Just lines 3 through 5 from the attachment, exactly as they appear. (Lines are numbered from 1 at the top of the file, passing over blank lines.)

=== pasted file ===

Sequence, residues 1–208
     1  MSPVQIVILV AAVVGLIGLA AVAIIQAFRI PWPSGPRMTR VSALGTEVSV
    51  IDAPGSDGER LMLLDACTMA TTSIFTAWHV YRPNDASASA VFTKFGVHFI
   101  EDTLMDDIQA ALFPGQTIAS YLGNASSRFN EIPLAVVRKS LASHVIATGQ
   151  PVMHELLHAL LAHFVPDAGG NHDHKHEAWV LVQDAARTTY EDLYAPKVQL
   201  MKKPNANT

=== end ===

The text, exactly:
    51  IDAPGSDGER LMLLDACTMA TTSIFTAWHV YRPNDASASA VFTKFGVHFI
   101  EDTLMDDIQA ALFPGQTIAS YLGNASSRFN EIPLAVVRKS LASHVIATGQ
   151  PVMHELLHAL LAHFVPDAGG NHDHKHEAWV LVQDAARTTY EDLYAPKVQL